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Michigan Department of Corrections Takes Steps to Help Prevent Introduction of Contraband Through Updated Mail Procedures
October 16, 2020
Contact: Chris Gautz
FOR IMMEDIATE RELEASE
Michigan Department of Corrections Takes Steps to Prevent Introduction of Contraband Through Updated Mail Procedures
Lansing, Mich. – The Michigan Department of Corrections is instituting changes to the way prisoner mail is processed and handled in order to further reduce the introduction of contraband into correctional facilities.
Beginning this week, all prisoner mail that does not require special handling, including the envelope and its contents, will be photocopied and these photocopies will be delivered to the recipient prisoner in a separate envelope. Original copies of mail items will not be delivered.
“The safety and well-being of all those at our correctional facilities is of critical importance, that is why we are taking these steps to help combat the introduction of dangerous contraband,” said Michigan Department of Corrections Director Heidi Washington. “MDOC staff do an outstanding job every day thoroughly searching mail and working hard to make sure contraband, like controlled substances, do not make it behind our gates. With a recent increase in attempts to conceal contraband in the mail, it was necessary for the department to institute these measures as an added protection.”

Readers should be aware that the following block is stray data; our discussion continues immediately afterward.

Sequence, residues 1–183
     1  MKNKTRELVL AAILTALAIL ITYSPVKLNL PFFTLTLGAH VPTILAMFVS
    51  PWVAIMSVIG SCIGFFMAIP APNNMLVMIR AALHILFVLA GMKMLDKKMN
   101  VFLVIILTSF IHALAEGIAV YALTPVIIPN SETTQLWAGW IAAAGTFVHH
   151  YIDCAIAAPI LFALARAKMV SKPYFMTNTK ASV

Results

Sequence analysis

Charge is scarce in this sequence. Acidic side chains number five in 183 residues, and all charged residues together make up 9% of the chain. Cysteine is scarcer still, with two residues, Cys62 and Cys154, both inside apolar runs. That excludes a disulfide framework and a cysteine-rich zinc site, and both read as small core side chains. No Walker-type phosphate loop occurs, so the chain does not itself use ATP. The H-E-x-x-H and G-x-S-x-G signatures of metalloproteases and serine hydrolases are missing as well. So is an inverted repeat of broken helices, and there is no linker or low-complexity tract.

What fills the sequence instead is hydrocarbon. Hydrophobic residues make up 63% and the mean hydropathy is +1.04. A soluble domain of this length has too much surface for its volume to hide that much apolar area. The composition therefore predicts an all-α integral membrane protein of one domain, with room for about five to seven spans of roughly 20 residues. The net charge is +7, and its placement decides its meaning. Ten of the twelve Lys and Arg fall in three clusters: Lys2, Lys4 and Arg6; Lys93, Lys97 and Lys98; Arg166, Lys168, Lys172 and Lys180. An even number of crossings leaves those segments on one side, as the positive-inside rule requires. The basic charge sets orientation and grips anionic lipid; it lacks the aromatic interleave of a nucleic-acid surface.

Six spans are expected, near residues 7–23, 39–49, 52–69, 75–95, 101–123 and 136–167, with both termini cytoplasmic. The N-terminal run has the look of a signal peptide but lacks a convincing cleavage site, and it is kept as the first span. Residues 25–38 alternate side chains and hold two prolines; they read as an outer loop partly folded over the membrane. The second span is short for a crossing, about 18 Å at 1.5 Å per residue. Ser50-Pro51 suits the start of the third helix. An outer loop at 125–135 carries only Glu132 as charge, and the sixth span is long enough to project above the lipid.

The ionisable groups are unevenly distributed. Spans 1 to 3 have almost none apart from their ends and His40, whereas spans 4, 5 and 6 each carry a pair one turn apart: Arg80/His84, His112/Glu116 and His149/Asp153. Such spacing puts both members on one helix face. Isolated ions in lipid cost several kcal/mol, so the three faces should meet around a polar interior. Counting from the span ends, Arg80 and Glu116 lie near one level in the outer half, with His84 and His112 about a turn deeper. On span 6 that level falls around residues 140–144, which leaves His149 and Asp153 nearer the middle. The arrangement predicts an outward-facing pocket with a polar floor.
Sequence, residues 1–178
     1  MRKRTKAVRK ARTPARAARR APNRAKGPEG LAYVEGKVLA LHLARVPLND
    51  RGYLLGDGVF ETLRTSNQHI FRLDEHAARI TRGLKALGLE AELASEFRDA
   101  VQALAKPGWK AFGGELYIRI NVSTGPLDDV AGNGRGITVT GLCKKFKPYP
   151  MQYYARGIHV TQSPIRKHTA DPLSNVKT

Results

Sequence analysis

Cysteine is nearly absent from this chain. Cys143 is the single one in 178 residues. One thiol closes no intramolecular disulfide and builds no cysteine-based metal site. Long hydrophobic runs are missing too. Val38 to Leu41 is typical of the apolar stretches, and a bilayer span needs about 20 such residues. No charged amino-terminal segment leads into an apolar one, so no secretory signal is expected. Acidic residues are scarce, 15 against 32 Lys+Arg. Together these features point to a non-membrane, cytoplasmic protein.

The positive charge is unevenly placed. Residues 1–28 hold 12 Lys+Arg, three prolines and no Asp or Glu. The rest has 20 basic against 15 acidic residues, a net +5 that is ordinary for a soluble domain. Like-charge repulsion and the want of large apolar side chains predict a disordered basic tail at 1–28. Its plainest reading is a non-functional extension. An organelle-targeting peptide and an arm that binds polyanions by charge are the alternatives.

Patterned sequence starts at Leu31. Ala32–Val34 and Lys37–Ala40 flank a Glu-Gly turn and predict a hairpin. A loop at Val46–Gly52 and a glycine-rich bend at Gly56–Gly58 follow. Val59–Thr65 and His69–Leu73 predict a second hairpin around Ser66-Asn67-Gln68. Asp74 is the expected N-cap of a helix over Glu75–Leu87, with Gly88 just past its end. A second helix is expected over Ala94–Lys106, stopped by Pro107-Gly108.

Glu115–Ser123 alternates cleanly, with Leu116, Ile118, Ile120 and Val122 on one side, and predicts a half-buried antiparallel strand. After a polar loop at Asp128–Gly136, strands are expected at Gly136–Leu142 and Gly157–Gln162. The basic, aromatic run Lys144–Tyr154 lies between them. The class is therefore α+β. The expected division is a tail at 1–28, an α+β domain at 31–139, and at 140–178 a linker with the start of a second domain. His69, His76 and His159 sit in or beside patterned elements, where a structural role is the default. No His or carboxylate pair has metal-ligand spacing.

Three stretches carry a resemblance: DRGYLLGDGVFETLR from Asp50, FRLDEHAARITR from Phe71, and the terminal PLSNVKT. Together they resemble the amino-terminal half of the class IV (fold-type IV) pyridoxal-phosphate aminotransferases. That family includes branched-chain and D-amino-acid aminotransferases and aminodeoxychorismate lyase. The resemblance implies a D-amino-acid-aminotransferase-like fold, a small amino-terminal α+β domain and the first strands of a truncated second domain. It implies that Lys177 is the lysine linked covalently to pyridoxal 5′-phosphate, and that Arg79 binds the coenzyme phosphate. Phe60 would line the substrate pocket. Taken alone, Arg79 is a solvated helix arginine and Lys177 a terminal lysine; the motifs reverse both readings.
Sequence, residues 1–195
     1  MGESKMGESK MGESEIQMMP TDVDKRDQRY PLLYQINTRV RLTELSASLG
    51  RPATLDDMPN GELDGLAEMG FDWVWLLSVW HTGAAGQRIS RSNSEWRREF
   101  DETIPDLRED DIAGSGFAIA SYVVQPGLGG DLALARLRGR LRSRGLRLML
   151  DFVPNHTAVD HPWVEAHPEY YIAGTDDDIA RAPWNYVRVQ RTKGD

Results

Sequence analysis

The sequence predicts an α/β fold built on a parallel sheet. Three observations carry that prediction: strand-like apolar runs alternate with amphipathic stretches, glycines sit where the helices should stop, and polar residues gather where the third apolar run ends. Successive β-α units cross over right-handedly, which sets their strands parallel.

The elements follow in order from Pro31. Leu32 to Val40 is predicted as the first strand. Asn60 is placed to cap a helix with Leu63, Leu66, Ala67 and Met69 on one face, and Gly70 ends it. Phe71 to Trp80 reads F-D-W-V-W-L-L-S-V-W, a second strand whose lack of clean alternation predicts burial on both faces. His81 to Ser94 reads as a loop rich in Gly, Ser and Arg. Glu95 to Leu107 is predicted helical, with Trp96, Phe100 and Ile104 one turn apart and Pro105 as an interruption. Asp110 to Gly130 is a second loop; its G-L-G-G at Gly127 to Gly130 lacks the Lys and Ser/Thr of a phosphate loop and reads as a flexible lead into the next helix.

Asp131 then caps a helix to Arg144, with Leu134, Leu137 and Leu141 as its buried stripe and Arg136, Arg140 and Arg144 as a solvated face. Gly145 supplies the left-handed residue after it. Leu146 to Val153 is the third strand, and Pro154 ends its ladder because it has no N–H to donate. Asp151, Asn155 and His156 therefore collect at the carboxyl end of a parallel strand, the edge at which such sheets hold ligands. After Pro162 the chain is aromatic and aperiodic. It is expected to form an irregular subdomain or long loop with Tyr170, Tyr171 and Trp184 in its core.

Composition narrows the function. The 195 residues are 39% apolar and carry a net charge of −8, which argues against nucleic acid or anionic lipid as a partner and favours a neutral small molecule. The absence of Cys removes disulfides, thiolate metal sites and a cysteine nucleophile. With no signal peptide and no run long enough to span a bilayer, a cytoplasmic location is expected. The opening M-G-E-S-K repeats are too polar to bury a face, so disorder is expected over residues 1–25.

The department’s mailrooms have seen attempts to smuggle drugs in through the mail increase this year, especially since the suspension of in-person visiting during the pandemic. Taking these steps to photocopy incoming mail will help reduce the potential for contraband introduction, particularly the potential for prisoners to access drugs that senders might attempt to deliver through the mail.
At least 10 other states, including Ohio, Indiana, and Nebraska in the Midwest, already have similar procedures in place regarding prisoner mail.
Those sending mail to prisoners should make sure to write in black or dark blue ink to ensure good image quality and readability when mail is photocopied, as mail written in pencil or lighter colors may be difficult to read. Photocopies will be in black and white.
Items that will be photocopied include:
• Greeting Cards
• Other documents included in the personal mail
Items sent in via JPay — including greeting cards, photographs, and other drawings and artwork—will continue to be accessible in color via JPay tablets. Photocopies of mail will continue to be reviewed to ensure the content adheres to requirements laid out in the MDOC’s mail policy.
More information on the MDOC’s new mail requirements is available here.